Leisure travellers are being poorly served by mobile applications compared to those in the corporate travel sector.
Kenny Fraser, PricewaterhouseCooper global leader of performance improvement for technology, said the mobile revolution was just starting.
Speaking at The Travel Convention in Palma, Majorca, Fraser said products such as airline mobile check-in apps demonstrate that there is already “tremendous functionality available”.
But he said social media channels, many of which are more conveniently engaged with on mobiles than on PCs, and growth rates of 40% will see the sector increasingly threaten traditional companies.
“The holiday traveller is not necessarily that well served,” Fraser said. “You have so-called guide apps, some are great, some are not so good. It’s possible to get things wrong, it’s possible to undersell what you have got.”
Fraser said it would be a mistake to think this situation is acceptable because leisure travellers travel less frequently, arguing that the popularity of apps for rail journeys and bus timetables demonstrates mainstream appetite for mobile applications.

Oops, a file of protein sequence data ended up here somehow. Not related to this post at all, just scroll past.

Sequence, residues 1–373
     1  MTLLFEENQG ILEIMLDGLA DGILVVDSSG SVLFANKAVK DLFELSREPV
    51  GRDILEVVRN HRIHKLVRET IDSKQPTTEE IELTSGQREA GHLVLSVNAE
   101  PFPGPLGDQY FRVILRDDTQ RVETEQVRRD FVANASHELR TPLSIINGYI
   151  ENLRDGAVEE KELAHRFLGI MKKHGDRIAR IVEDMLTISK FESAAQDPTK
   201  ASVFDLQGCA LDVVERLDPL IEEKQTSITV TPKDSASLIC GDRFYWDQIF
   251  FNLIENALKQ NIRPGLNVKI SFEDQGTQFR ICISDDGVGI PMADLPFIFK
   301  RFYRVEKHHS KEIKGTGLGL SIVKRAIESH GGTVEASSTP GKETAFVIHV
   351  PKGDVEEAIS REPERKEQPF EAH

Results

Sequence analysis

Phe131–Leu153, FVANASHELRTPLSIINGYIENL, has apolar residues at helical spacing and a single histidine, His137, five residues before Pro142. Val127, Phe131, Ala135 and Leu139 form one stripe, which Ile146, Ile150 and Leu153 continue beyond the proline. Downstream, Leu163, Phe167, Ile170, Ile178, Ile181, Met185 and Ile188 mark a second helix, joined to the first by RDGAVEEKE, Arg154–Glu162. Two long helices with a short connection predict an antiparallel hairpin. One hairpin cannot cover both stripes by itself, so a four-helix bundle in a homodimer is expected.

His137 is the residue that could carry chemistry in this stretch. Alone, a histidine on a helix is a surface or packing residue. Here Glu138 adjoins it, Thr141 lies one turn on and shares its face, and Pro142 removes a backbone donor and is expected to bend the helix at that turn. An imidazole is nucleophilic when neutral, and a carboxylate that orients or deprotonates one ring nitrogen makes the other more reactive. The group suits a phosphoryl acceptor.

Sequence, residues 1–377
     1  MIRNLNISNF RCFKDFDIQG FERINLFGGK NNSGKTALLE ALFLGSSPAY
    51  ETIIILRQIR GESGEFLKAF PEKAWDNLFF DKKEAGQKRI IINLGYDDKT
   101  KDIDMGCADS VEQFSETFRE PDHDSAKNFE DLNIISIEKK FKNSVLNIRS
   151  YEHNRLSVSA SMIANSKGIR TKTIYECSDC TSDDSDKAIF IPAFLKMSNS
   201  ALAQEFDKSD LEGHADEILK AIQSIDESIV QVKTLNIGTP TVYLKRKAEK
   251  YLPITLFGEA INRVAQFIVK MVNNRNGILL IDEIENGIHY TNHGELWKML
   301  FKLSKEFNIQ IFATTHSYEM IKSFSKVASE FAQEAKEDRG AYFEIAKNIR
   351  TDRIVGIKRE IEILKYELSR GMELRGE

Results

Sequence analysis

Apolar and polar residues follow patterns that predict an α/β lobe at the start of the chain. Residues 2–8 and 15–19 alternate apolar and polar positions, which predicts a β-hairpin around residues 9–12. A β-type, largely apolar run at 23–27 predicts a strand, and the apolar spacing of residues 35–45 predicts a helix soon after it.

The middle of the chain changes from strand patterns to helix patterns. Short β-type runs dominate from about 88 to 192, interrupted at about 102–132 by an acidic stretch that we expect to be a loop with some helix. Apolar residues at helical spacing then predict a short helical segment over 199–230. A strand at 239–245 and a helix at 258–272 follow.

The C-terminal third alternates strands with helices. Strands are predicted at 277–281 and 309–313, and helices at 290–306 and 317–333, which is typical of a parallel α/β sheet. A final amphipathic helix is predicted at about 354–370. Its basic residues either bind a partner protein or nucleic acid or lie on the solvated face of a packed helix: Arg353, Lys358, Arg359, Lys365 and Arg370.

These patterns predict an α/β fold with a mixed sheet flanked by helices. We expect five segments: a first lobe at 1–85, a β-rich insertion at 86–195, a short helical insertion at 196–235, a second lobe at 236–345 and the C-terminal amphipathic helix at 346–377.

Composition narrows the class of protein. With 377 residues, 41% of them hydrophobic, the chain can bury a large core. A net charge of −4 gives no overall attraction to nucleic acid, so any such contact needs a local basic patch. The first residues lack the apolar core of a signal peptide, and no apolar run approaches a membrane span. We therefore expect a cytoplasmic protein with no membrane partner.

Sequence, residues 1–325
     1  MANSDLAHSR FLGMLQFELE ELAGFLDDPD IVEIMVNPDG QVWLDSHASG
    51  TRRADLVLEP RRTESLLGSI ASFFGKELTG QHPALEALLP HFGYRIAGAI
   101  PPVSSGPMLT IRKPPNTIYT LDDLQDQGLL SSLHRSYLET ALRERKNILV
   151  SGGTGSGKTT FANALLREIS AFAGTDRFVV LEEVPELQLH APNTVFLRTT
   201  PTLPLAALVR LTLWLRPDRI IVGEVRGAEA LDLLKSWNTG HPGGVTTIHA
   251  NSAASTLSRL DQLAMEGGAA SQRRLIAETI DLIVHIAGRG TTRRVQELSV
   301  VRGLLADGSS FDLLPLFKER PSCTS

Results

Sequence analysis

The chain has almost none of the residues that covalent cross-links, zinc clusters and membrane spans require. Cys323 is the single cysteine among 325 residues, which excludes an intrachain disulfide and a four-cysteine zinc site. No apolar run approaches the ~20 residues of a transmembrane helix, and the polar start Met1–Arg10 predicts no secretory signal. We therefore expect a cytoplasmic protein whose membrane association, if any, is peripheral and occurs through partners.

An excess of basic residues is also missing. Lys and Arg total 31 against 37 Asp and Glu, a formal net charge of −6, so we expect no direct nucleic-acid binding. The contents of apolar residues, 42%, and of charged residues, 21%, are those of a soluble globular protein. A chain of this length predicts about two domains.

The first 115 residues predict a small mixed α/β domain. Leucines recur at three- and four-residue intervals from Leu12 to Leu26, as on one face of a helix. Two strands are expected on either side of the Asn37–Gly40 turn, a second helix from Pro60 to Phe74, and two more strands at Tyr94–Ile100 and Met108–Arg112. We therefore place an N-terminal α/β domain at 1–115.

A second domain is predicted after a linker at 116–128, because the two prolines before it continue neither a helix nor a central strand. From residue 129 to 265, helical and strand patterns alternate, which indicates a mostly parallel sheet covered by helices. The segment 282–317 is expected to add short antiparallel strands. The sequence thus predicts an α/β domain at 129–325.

“People are used to accessing these apps. They will expect to see this happening in the holiday world as well.
“You do not see the big or small operators really using this technology, and the risk if you do not is very straightforward – this market can be taken away from you.”
Trends he forecast for the mobile travel sector included established non-travel names like Amazon and Tesco moving into the sector, the increasing use of augmented reality and the increasing power of the crowd.
“People will be coming into your shops and on to your websites saying, ‘I have heard this is the best thing to do here, get me there and make sure I have that experience’,” he said.